Know When to Talk to Government Customers

In the task of relationship building with the government, you need to know that the government actually wants industry to approach government customers. FAR part 15.201, “Exchanges with industry before receipt of proposals,” states: “Exchanges of information among all interested parties, from the earliest identification of a requirement through receipt of proposals, are encouraged.”

The FAR then states that the purpose of exchanging information is to improve the understanding of government requirements and industry capabilities, thereby allowing potential offerors to judge whether or how they can satisfy the government’s requirements, and enhancing the government’s ability to obtain quality supplies and services at reasonable prices. The FAR goes on to express the government’s desire to further increase efficiency in proposal preparation, proposal evaluation, negotiation, and contract award. The same law encourages one-on-one meetings with potential offerors.

You will find that despite this law, the govies are often worried about breaking the procurement integrity rules—so you will have to learn when to talk to them, and when not to. Generally speaking, you can talk to the government freely before they have developed an acquisition strategy (or the way they are going to run the competition) for a specific pursuit, and then the communications become increasingly limited and formal. Therefore, you want to start as early as possible before their doors shut.

In reality, your opportunity to interface with the government gradually diminishes as the acquisition lifecycle progresses. For example, when the government identifies a need and performs market research, your chances of talking to them and their openness with you are the greatest. They may be willing to meet one on one, and tell you much of what you need to know to win. Once they publish an RFI or Sources Sought, they might treat the meetings more officially if it is a large procurement; if it is a small procurement, you might still be able to talk to them freely. This will be especially true if you write a detailed response to their RFI with lots of useful advice on how they should run acquisition and what should be in the statement of work. Often the government will meet with you only in an official setting after an RFI. They will no longer accept personal meetings. They won’t necessarily disclose what they discuss with you with othe! r bidders, but the contracting officer will be there to provide “adult supervision” to make sure that the government maintains a level playing field. This presents a tougher way to build relationships.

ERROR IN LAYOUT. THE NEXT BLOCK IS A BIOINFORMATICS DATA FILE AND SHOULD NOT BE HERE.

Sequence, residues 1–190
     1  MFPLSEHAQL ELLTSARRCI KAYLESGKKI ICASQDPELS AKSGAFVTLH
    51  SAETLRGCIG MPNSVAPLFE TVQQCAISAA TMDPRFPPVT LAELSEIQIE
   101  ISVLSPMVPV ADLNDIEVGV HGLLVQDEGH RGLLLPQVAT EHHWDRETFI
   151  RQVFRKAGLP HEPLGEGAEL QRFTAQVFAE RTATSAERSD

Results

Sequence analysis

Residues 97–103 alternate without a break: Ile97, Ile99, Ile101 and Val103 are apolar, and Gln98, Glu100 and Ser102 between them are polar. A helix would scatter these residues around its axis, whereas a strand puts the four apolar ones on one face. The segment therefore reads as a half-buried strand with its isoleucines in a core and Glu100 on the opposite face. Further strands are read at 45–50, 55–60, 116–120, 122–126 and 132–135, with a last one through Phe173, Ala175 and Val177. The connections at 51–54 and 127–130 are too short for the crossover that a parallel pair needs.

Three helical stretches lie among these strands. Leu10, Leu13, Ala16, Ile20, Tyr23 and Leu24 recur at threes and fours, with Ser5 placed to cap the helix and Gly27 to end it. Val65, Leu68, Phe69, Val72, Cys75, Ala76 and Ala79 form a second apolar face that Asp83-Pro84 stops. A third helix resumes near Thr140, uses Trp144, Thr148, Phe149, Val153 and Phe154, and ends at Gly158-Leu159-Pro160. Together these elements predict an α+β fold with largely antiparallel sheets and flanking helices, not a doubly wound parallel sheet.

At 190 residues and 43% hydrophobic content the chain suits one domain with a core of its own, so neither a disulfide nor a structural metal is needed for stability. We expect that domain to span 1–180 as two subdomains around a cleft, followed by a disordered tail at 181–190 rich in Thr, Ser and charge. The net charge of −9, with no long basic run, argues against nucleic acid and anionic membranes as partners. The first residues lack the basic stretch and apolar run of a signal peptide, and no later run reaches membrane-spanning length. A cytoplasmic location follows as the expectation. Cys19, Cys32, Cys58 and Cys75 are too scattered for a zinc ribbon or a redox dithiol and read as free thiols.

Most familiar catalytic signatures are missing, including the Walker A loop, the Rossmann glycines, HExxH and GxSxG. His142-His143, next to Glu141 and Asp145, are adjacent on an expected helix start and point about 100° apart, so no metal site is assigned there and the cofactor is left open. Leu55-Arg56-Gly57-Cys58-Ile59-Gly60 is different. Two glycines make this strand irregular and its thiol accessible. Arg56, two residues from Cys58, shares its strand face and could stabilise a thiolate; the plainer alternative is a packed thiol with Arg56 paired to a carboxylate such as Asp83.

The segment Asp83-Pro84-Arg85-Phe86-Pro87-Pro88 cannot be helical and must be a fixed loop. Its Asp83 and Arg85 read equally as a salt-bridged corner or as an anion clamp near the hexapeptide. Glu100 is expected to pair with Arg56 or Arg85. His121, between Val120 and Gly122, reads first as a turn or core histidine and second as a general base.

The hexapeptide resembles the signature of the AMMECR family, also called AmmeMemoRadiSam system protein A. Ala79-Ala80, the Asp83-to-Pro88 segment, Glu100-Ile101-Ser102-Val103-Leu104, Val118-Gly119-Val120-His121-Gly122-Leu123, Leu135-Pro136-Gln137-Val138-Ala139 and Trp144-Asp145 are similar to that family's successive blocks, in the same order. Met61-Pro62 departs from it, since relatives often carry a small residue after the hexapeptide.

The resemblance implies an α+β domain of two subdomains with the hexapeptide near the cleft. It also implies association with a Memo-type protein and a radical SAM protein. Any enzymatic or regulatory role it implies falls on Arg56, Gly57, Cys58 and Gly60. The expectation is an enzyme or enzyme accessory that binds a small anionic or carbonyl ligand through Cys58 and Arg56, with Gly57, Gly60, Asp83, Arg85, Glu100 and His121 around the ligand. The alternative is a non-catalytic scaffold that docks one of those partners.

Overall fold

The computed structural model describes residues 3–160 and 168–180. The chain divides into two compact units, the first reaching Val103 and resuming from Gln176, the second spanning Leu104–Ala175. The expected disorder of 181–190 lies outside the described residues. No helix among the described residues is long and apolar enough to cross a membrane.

Once they develop an acquisition plan and possibly even issue a draft RFP, your opportunities to talk with them in private will all but disappear. In rare cases, they might still set up one-on-one meetings, but now you will be under the careful watch of a contracting officer, who is interested at avoiding protests at any costs, and will enforce the strictest possible interpretation of the rules. So, unless they have decades of government experience and know the rules really well, meeting participants are unlikely to be forthcoming with information that might give you a leg up on your competition.